Bus Driver with One Eye Wins Drivers’ License Case

  • October 14, 2020
  • Laura Lepine

On July 15, 2020, an Oakville bus driver won her battle against the Ontario Ministry of Transportation regulation that stripped her of her drivers’ license after she lost her right eye to cancer.

Liliana Di Cienzo was a bus driver in Oakville for several years, operating a public bus under her Class C commercial drivers’ license. She had an unblemished driving record.

However, in 2013, Ms. Di Cienzo was diagnosed with cancer in her eye: to treat it, doctors needed to remove her right eye. After Ms. Di Cienzo recovered from her surgery, she tried to return to work.

Instead, she received a letter from the Ministry of Transportation downgrading her commercial drivers’ license and ending her career as a bus driver.

The Ministry of Transportation relied on section 18(3) of Ontario Regulation 340/94, which regulates drivers’ licenses. Section 18(3) sets out the requirements for commercial licenses: the vision requirements in that section are impossible for a person with one eye to meet.

Ms. Di Cienzo applied to the Ontario Superior Court for relief, arguing that the Regulation violated her right to equality under section 15 of the Canadian Charter of Rights and Freedoms.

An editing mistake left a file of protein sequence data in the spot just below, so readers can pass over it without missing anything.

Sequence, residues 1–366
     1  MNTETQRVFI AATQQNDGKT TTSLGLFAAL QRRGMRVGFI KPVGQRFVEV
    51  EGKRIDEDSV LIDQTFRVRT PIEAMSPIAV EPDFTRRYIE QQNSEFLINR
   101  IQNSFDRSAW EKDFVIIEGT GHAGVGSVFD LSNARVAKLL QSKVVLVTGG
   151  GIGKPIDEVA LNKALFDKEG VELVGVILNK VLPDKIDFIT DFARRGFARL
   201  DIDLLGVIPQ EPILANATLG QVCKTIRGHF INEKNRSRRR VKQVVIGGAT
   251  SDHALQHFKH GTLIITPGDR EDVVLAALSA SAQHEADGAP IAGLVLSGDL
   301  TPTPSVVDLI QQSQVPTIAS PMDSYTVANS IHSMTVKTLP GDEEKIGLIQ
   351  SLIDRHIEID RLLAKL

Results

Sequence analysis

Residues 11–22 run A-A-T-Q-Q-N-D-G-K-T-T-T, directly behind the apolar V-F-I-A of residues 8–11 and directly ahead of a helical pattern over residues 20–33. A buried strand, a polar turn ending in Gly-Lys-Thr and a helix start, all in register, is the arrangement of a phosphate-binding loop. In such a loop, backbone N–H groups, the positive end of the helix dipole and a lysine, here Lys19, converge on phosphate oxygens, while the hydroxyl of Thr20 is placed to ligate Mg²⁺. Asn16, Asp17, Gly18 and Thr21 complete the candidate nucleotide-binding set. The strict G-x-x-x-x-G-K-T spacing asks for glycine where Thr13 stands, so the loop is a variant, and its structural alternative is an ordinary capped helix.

In its July decision, the Court agreed with Ms. Di Cienzo. It found that the vision standards substantively discriminated against Ms. Di Cienzo based on her physical disability because they created a blanket prohibition against granting Class C licenses to people with only one eye. This perpetuates the stereotype that drivers with only one eye are not able to safely drive public transit vehicles, and don’t allow for any individual exemption based on a driver’s actual capabilities.

The Court further found that, while there was a pressing and substantial objective in maintaining the high safety standards of Ontario highways, the vision standards were not minimally impairing (meaning that there were other ways that Ontario could meet its objective without discriminating against Ms. Di Cienzo and others like her). The Court noted that most other Canadian jurisdictions allow individuals to seek exemptions to vision standards based on their individual abilities. The vision standards were therefore not justified under section 1 of the Charter.

To allow the province time to revise its Regulation, the Court suspended its declaration of unconstitutionality for one year.

You can read the Court’s full decision (Di Cienzo v Attorney General of Ontario, 2020 ONSC 4347) here (link).

You can read an account of the case in Ms. Di Cienzo’s own words in this interview by the Canadian Press, here (link).

Want to learn more about Bakerlaw’s Charter work? Click here (link)!

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